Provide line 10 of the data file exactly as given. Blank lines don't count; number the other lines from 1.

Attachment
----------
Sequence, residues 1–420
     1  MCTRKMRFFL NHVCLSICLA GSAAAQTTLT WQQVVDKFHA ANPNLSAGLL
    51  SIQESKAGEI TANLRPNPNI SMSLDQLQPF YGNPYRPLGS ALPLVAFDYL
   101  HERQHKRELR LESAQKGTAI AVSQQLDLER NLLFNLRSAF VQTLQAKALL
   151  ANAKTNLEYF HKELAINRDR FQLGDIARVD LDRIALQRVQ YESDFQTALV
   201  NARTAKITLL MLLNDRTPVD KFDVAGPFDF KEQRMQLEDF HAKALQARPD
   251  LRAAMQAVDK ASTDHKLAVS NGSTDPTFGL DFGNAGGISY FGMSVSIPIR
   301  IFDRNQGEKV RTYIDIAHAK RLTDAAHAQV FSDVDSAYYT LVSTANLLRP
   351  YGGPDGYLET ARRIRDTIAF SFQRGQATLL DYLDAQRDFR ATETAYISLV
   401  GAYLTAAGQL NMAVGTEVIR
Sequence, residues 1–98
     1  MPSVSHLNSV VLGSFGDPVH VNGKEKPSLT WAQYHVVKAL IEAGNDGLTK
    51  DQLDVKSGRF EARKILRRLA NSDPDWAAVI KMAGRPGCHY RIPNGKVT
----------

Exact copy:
   401  GAYLTAAGQL NMAVGTEVIR